Lisa Auslander is the PI and Project Director for Bridges. She supports the work of the curriculum and professional development teams and the daily management of team operations and team development. She is a former teacher, coach and administrator who has worked in NYC schools and at the district level for over 15 years. She served a range of emergent bilingual students in an inclusion setting in the middle and high school levels in New York City schools and then moved on to support teachers in literacy practices and teacher teams in curriculum planning and the collaborative inquiry process. She has also worked to support principals around a variety of initiatives including the Quality Review accountability process and strategic action planning for school wide improvement. Lisa received her PhD in Urban Education designed around a study of culturally and linguistically responsive RtI for secondary English language learners. She speaks fluent German and is working on her Spanish!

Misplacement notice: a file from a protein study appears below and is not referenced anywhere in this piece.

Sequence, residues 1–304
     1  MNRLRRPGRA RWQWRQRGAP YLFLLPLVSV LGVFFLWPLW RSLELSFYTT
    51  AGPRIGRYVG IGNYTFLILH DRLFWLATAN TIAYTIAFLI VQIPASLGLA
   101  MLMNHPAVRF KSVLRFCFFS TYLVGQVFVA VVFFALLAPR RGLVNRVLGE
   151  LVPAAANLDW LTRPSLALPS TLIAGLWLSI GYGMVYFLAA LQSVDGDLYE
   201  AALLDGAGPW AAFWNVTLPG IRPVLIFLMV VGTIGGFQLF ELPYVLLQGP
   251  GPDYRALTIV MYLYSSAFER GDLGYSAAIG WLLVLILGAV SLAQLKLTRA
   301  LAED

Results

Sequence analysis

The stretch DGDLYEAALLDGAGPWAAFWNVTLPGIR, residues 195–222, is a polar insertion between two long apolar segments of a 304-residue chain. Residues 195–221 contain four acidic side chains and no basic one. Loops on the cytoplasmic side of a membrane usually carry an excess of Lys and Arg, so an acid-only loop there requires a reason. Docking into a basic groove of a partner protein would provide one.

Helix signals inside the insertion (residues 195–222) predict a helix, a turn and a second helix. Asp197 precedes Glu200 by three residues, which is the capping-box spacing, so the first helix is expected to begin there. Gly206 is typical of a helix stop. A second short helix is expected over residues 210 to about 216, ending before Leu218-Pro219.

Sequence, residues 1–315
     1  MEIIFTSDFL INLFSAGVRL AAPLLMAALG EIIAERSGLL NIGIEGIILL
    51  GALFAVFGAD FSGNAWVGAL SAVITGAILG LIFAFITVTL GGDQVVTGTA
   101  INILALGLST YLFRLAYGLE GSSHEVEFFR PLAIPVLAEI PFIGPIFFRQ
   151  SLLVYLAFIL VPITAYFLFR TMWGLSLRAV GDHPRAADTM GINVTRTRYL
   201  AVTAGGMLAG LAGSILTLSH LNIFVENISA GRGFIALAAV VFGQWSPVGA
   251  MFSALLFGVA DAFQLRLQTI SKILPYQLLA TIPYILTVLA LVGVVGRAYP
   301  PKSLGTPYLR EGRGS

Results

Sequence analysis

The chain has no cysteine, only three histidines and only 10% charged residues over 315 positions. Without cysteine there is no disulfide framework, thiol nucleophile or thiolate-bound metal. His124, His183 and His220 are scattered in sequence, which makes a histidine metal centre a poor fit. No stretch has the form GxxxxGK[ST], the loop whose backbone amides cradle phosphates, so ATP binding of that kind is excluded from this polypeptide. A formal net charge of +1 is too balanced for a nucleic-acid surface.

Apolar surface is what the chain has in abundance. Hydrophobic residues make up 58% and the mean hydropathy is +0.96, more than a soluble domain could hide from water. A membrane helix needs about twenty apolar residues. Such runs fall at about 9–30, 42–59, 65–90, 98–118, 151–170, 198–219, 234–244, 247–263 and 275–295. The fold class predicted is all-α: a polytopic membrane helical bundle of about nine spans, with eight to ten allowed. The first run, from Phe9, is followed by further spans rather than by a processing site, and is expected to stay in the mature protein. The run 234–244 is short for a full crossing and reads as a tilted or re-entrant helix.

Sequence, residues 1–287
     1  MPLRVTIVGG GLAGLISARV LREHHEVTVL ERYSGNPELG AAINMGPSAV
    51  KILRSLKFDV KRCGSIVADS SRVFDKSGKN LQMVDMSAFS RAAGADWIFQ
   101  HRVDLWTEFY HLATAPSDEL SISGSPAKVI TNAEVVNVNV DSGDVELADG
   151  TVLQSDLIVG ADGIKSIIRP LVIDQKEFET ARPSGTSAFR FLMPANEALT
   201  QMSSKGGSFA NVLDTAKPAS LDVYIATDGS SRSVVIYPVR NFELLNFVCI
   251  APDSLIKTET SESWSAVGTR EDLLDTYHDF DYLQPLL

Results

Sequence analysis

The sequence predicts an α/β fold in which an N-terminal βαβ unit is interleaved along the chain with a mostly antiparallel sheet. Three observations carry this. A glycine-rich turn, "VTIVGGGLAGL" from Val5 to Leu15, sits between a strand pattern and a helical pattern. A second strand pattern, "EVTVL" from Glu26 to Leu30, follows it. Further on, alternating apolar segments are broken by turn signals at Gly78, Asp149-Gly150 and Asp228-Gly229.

Elaine C. Klein is Professor of Linguistics Emerita at the Graduate Center, CUNY, where she received her Ph.D. in Linguistics with a specialization in second language acquisition. Having taught CUNY undergraduate and graduate courses in literacy, second language acquisition, research methods, sociolinguistics, and English syntax, among other courses, she also specialized in preparing teachers for certification in the Teaching of English to Students of Other Languages (TESOL). A former New York City elementary and high school teacher, Professor Klein has focused her research on second language development and, more recently, on studies of and interventions for immigrant students with special language and literacy needs.